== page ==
77-year-old Veronica Crook has spent the last 53 years looking after the Rees-Mogg family. Ms Crook has followed Mr Rees-Mogg, MP for North East Somerset, on the campaign trail during elections and now helps to look after the six children he has with his wife Helena. She has previously been at the heart of the news agenda after she hurried to confront a group of class-war protesters after they ambushed Mr Reesmogg and his family outside their central London home last year.
But now, Ms Crook is in a “tug of love” after Annunziata Rees-Mogg claimed her brother had “stolen her” and threatens to come between the two Brexiteers.
Ms Rees-Mogg said: “Nanny will, for the rest of her days, be my nanny as well as his.
“But he has just stolen her, which is very unfair.
“All of us grew up with Nanny in the house and she was a huge influence on all of us.”
Jacob responded by saying: “I plead guilty to stealing Nanny but, in mitigation, I did have first call as I had children before my sister did.”
Annunziata Rees-Mogg burst back onto the political scene on Friday when she spoke at the launch of Nigel Farage’s new Brexit Party.
She announced she was quitting the Tories to become one of Mr Farage’s 70 candidates standing in the European elections.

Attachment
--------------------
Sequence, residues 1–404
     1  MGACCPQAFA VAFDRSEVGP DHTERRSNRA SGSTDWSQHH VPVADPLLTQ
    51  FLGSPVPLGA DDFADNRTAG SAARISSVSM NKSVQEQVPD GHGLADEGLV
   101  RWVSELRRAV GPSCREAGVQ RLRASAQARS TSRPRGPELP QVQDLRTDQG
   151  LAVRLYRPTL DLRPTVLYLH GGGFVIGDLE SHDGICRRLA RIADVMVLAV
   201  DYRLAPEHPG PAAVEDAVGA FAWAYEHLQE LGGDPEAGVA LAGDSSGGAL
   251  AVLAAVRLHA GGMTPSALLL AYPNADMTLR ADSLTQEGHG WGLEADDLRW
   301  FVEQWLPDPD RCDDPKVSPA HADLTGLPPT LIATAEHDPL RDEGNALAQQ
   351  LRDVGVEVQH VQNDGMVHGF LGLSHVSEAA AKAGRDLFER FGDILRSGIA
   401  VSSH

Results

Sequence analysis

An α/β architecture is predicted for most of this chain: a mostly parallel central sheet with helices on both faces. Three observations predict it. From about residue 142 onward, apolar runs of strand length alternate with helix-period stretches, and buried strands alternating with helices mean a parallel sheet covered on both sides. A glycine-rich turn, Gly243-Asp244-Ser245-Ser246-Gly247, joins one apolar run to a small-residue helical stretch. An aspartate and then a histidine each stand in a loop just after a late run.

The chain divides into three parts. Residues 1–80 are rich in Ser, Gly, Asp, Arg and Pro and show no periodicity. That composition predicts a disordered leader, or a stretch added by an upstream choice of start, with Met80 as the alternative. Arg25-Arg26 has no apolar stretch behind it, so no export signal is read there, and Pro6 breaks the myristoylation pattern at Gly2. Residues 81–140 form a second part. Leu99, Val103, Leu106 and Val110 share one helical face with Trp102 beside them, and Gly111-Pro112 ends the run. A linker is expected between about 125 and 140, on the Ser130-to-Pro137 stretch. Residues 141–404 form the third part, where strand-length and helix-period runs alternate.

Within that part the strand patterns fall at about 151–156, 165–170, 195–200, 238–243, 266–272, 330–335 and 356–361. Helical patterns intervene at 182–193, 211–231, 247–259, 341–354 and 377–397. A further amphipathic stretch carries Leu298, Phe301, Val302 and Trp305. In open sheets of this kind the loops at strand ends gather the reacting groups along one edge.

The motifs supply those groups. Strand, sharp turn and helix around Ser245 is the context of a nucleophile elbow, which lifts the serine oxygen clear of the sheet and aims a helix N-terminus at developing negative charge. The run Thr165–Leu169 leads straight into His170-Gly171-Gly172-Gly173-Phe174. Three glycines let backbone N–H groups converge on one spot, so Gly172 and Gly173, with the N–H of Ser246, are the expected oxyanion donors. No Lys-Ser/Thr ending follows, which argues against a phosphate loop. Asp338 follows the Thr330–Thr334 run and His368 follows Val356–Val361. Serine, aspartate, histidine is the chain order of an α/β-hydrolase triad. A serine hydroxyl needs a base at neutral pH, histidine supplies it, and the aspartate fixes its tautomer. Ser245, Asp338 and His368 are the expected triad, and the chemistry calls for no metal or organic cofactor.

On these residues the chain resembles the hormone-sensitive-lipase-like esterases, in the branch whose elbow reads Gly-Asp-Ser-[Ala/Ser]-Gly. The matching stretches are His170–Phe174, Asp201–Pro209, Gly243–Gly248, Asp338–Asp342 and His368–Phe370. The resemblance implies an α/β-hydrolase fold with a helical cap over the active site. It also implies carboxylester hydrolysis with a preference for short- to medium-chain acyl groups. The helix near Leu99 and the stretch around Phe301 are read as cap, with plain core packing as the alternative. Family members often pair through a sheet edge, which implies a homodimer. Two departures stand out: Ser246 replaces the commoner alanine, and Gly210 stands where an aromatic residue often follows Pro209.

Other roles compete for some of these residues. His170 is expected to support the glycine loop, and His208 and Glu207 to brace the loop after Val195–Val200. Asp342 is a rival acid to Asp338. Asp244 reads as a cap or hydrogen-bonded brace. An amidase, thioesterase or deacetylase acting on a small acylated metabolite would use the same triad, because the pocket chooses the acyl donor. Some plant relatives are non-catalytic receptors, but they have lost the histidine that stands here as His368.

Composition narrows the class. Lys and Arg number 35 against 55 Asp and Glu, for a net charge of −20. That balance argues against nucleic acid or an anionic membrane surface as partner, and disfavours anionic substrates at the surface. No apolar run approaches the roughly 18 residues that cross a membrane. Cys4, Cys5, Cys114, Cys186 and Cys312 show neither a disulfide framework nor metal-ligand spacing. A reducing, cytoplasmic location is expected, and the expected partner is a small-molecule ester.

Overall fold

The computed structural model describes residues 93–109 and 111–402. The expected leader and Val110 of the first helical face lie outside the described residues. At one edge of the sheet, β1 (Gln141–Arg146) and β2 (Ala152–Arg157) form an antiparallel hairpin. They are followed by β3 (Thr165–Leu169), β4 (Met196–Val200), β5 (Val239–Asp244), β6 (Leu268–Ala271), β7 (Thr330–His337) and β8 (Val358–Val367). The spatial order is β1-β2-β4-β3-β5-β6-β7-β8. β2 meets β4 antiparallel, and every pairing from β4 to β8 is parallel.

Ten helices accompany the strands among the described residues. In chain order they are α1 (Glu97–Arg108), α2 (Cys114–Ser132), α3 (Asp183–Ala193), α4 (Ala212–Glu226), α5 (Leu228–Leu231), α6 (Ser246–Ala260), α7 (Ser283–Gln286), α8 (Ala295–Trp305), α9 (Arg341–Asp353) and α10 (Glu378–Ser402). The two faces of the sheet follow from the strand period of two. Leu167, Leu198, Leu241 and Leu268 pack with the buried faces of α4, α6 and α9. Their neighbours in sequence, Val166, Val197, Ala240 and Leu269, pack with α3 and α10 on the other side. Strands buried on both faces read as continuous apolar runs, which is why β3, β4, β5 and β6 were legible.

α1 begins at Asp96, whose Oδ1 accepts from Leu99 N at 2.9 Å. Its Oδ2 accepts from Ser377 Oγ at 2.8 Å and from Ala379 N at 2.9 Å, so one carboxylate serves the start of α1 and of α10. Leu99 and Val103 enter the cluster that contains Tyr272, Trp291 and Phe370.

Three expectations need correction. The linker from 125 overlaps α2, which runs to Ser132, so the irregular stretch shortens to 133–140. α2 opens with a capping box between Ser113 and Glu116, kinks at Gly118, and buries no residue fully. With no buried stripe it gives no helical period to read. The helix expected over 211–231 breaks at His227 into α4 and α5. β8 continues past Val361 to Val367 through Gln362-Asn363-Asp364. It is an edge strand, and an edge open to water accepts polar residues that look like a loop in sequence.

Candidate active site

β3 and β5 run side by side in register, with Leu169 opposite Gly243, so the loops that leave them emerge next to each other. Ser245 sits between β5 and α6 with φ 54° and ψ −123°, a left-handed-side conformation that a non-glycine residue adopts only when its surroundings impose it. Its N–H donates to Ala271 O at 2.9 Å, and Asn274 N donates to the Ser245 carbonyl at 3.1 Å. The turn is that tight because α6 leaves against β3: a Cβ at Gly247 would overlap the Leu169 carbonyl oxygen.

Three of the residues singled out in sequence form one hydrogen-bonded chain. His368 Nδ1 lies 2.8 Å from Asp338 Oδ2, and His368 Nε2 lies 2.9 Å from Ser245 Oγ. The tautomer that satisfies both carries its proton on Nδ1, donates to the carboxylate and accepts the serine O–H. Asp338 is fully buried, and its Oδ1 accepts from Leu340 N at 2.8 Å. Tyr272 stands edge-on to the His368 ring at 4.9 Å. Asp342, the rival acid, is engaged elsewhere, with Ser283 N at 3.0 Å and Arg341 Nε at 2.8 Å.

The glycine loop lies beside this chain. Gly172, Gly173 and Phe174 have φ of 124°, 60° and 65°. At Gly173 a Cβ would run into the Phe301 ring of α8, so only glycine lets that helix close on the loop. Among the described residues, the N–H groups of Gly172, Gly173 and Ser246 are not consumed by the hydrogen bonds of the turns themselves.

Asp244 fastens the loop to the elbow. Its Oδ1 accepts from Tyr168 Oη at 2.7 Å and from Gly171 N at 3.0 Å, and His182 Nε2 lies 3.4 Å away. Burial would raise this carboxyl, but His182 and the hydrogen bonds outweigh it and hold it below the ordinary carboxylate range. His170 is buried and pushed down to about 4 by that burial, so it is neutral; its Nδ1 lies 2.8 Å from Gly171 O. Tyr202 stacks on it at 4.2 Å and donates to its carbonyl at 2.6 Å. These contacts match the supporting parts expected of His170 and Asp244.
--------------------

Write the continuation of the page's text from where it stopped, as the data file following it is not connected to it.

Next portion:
Ms Rees-Mogg blasted Theresa May as “the worst Prime Minister in the Conservative Party’s history”.
She accused the Prime Minister of failing to match up to her political idol, former Conservative leader Margaret Thatcher.
She also slated her former party for trying to “de-toff” her name to “Nancy Mogg”.
Speaking at the launch of the Brexit Party’s Euro campaign at a factory in Coventry, Ms Rees-Mogg told cheering supporters: “I joined the Conservative Party in 1984 and this is not a decision I have made lightly – to leave a party for which I have fought at every election since 1987, from Maggie Thatcher through to Theresa May.”
She added: “The point at which our Prime Minister will not listen, not only to her membership but will not listen to the people of her country I can’t sit by and let her do it.
“We’ve got to rescue our democracy, we have got to show that the people of this country have a say in how we are run.
“That the politicians are not our masters – they are to do our bidding.”
Ms Rees-Mogg twice stood unsuccessfully as a Conservative general election candidate.
Her brother expressed his regret at her decision to leave the party.
Mr Rees-Mogg said: “The Brexit Party is fortunate to have such a high-calibre candidate but I am sorry that Annunziata has left the Conservative Party.”
Freelance journalist Ms Rees-Mogg, 40, said: “We both have the same objective. We want to bring back control both of our democracy and our country to the British people. He sees one way of doing it, I see a different one. We see things differently.”